Dr. Dan Nessett

Dr. Nessett is a retired computer scientist now residing in Billings, Montana, where he teaches a course on logic to high school homeschoolers at Mt. Olive Lutheran Church.

You will hear people say that Christianity and reason are opposed to one another, or at least that Christianity owes no allegiance to reason. This stems from a misunderstanding. Reason is simply the application of logic to understanding. It’s what we use to make sense of things. There are three main logical systems.

The first is inductive logic. Inductive logic attempts to formulate a causal model from empirical data. This is the logic used in science. For example, you observe the sun rising in the east in the morning. The sun continues to rise in the east every morning. You conclude that every morning the sun will rise in the east. The second is deductive logic. This formulates an inference from a premise or set of premises, arriving at a conclusion. The formulation specifies that if the premises are true, then the conclusion must also be true. The third, less commonly known system, is abductive logic. Abductive logic attempts to determine the cause of some effect. It is used extensively in medical diagnoses, legal trials, and archeology. Think Sherlock Holmes or Columbo.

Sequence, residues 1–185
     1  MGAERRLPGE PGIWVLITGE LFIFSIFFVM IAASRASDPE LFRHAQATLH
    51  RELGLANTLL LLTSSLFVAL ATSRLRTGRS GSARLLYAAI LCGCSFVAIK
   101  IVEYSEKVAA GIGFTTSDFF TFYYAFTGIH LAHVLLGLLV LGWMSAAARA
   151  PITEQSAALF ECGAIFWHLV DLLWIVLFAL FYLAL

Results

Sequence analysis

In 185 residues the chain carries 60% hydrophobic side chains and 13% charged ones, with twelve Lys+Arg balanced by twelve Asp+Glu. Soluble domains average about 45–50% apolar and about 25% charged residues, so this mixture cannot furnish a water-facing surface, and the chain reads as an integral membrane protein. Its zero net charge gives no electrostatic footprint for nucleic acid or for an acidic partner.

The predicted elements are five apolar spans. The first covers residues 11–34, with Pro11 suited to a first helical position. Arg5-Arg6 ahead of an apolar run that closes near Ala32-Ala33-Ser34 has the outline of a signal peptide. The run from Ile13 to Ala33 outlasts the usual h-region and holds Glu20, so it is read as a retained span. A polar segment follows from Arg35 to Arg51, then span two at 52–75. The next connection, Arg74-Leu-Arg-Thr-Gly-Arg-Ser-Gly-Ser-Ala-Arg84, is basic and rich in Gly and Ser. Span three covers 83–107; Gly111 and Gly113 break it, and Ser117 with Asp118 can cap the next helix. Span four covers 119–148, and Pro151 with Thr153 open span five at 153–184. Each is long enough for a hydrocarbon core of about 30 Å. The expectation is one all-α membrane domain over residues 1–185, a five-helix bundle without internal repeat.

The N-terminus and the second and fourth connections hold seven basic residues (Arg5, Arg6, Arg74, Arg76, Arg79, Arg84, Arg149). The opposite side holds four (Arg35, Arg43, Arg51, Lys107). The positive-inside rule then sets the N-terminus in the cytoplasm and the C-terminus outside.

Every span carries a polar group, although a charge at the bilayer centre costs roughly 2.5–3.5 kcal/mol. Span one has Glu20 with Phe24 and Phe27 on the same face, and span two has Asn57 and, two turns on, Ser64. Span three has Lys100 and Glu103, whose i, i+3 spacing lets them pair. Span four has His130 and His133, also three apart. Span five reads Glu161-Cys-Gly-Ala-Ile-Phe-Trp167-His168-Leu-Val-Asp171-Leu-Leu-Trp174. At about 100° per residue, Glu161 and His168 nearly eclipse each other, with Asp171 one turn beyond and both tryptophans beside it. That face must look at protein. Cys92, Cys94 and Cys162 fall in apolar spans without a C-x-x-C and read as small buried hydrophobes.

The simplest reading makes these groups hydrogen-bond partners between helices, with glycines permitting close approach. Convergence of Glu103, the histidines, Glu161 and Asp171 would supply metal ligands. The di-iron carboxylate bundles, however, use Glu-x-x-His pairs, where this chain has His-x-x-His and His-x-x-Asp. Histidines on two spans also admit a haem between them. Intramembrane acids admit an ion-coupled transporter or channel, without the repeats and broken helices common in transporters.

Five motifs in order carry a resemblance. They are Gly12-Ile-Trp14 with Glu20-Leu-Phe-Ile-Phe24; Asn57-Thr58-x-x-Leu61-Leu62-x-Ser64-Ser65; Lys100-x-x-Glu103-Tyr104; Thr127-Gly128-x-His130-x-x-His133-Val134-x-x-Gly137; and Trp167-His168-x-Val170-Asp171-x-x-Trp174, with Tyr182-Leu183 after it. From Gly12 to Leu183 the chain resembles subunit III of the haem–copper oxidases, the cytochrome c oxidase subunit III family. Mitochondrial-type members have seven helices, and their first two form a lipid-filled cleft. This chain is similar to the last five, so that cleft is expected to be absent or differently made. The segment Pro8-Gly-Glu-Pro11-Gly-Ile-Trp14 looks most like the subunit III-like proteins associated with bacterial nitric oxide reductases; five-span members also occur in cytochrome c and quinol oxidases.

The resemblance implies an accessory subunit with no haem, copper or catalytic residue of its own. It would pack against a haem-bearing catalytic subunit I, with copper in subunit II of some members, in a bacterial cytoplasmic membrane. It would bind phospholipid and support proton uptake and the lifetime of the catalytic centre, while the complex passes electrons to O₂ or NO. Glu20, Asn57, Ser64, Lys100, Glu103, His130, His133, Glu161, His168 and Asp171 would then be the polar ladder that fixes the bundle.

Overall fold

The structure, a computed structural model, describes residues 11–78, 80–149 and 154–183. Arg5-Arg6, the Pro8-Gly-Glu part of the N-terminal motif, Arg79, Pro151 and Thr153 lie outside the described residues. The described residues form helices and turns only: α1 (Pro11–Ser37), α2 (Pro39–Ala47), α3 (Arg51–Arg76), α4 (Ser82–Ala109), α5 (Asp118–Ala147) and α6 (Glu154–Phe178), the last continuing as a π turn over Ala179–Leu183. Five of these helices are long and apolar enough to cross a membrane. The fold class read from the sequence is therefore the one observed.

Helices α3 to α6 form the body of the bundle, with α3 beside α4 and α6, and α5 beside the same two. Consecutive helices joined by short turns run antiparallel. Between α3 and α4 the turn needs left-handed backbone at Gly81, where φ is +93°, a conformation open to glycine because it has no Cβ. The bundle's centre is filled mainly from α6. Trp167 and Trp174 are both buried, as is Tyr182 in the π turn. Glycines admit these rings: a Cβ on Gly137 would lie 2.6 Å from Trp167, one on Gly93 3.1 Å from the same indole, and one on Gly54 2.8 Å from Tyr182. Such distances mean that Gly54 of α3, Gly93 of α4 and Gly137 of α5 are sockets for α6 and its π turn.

The Reformation established (perhaps more accurately, reestablished) the principle of sola Scriptura. We assert that all Christian doctrine is based on the teachings of Holy Scripture, which is the inerrant, infallible Word of God. This is a prime example of deductive logic. The premises supporting any doctrinal statement are found in God’s Word and the doctrinal statement (the conclusion) follows deductively from those premises. For example, the word “Trinity” does not exist in the Bible. The teaching that God is three in one and one in three arises from the consideration of various passages (e.g., Romans 1:7, John 20:28, Acts 5:3-4, Deut. 6:4-5, Matt 28:18-20, John 10:30, 1 Cor. 15:24, John 15:26, among others) that together give the conclusion or teaching of the Trinity.